Story was updated Monday, March 23.
School buildings may stay shuttered into summer due to COVID-19 but the state Education Department has begun giving school districts the green light to provide alternative instruction beginning April 6.
State education officials are in discussions with school leaders on ways they can restart learning while social distancing.
Superintendent of Public Instruction Joy Hofmeister is proposing districts complete the school year through distance learning, she announced Monday.
Virtual schooling is one solution, but one that presents significant logistical challenges in some school communities.
Districts could come up with other forms of distance learning, depending on their students’ needs. It’s still unclear whether any educational activities or lessons could be required for students or would just be recommended to keep students engaged.
“Many districts across our state have utilized online instruction already and likely will be able to hit the ground running. Other districts have significant technology limitations, while some might opt for instructional materials delivered to students,” Hofmeister said. “There will be a wide range of approaches and it will be far from ideal, but necessary as we embrace these changes and even sacrifice to protect the public health of our communities.”
All Oklahoma public schools are closed – with no teaching, grading or extracurricular activities – until April 6. State tests are canceled and the state will not issue school report cards for 2019-20.
The State Board of Education plans to meet at 9:30 a.m. Wednesday to discuss whether to extend the school closure. But education officials are encouraging district leaders to start planning for that now.
Hofmeister said the top priority for districts should be making sure high school seniors on track to graduate receive the help they need.
Making a sudden switch to online schooling will be easier for some districts than others. Nationwide, 41% of school districts could not provide every student with virtual lessons, while just 22% could for as long as needed, according to a recent Education Week Research Center survey of district leaders and principals.
Virtual schools will more easily be poised to restart their classes and districts that offer online schooling to a portion of students could re-engage them and expand the courses to others.
Norman Public Schools, which already provides students in sixth through 12th grades a laptop to take home, will start a “distance-learning program” after April 6, if school buildings remain closed.
Epic Charter Schools, the state’s largest virtual school, announced over the weekend it will resume virtual instruction and operations to all its students, and teachers will meet with students remotely.
Providing instruction to the 38,500 students in Tulsa Public Schools will be considerably more challenging. The district is planning to launch a new website with home learning resources and materials on Monday.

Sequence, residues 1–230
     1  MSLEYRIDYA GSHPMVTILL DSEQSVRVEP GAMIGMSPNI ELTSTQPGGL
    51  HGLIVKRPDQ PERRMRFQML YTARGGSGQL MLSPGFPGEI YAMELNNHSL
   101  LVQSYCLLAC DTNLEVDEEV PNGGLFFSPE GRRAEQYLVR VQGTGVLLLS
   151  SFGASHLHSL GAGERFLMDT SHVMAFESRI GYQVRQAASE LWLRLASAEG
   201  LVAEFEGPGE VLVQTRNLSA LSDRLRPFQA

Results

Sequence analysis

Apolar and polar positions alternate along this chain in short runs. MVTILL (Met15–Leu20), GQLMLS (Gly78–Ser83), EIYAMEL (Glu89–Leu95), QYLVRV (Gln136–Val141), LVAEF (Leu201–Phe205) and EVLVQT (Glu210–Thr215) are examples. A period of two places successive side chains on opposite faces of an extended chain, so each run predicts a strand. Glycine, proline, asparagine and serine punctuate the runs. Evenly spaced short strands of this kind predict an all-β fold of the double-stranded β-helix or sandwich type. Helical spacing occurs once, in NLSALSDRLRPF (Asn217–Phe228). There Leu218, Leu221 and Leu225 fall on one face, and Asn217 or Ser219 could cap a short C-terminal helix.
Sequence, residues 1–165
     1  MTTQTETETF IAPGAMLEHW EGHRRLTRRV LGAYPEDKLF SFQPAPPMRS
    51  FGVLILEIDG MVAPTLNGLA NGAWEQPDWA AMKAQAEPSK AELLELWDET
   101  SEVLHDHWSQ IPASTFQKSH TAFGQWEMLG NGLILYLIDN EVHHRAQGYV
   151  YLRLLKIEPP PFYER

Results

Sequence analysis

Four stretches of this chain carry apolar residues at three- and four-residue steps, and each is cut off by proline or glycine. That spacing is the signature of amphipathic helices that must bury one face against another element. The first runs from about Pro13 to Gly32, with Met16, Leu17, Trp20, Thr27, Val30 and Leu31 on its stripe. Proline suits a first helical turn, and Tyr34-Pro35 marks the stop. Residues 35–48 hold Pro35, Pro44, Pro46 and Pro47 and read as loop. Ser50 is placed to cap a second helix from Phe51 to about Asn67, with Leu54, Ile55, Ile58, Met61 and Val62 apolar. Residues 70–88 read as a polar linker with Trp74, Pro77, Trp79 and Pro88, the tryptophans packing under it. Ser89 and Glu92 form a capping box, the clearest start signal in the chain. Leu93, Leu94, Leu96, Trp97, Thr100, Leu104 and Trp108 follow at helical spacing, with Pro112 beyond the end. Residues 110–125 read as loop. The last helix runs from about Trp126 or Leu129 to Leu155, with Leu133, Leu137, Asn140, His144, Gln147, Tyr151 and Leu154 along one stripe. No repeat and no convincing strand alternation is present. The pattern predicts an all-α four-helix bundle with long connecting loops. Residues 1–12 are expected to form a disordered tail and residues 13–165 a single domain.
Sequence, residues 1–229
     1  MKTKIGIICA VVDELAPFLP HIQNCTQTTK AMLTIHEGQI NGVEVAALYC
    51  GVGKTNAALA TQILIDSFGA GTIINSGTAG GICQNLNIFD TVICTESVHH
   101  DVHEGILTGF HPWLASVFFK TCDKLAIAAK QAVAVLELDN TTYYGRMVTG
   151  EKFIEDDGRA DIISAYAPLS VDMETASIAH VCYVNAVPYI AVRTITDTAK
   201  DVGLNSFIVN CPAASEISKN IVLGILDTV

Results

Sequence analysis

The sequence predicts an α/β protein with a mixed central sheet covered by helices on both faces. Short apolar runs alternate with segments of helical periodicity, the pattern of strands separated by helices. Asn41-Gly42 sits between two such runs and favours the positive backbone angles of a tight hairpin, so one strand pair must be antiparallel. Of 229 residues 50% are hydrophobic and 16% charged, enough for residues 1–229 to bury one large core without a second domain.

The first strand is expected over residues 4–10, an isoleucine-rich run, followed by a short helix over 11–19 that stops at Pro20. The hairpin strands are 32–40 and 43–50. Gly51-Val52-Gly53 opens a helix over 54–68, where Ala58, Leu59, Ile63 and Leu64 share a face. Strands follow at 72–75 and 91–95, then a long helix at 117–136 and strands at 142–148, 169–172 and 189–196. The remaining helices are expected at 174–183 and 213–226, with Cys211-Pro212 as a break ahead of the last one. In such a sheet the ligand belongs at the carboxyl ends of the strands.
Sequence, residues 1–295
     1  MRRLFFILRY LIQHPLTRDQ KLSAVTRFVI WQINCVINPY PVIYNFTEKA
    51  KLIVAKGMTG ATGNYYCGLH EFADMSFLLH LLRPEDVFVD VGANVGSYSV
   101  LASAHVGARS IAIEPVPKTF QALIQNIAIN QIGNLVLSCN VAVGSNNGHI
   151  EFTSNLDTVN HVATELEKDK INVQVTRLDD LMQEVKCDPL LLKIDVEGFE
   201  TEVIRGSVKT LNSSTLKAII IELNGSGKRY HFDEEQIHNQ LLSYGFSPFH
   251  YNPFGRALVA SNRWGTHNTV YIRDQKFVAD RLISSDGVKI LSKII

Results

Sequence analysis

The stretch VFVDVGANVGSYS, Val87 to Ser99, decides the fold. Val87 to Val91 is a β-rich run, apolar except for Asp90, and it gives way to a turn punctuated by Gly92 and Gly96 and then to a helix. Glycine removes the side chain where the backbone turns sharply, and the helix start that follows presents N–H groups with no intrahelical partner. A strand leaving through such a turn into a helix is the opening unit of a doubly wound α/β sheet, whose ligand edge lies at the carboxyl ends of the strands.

Connectivity is the biggest hurdle facing El Reno Public Schools in providing online instruction to its 2,700 students, 80% of whom qualify for free or reduced-price lunch, a measure of poverty.
Superintendent Craig McVay said the district likely has enough devices for all students in fifth grade and up but many students can’t connect at home.
“We don’t know what to do with that,” he said. “As a school district, we have not prepared for large-scale digital learning.”
One idea on the table is a potential partnership with the El Reno Tribune newspaper, which has offered to print lessons and learning activities for students.
Internet access is a big hurdle, particularly in rural areas. Twenty-two percent of Oklahoma households lack broadband internet, according to the 2016 U.S. Census. The percentage is lower in many southern and southwestern states, including Oklahoma.
With schools closed across the country, the Federal Communications Commission is trying to improve students’ home internet access through a program that provides internet in schools and libraries. E-rate funds are currently for classrooms only, but the FCC is seeking congressional approval to use the funds on students’ in-home connectivity, according to Education Week.
In considering how to provide distance learning, some school district leaders were unsure it could be done without running afoul of federal law, which guarantees a free and appropriate public education to students with disabilities.
On Saturday, the U.S. Department of Education said ensuring compliance with the Individuals with Disabilities Education Act, or IDEA, “should not prevent any school from offering educational programs through distance instruction.”
Schools may not be able to provide all services in the same way they typically do, the department said, but certain services and modifications can be provided online, such as extensions of time for assignments, videos with captioning or sign-language interpreting, accessible reading materials and speech or language services through video conferencing.
In Kansas, schools are closed for the rest of the academic year but education officials there said they will continue to educate the state’s children and will present a plan to do so on Wednesday, according to the Kansas City Star.
California’s Los Angeles Unified School District will teach its nearly 700,000 students remotely through a partnership with local public television, the district announced last week. Three local channels will broadcast content for students in pre-K through 12th grade, providing educational resources regardless of families’ internet access.
The district is also fundraising to provide meals and supplies to students and their families and bridging the digital divide with devices and digital resources.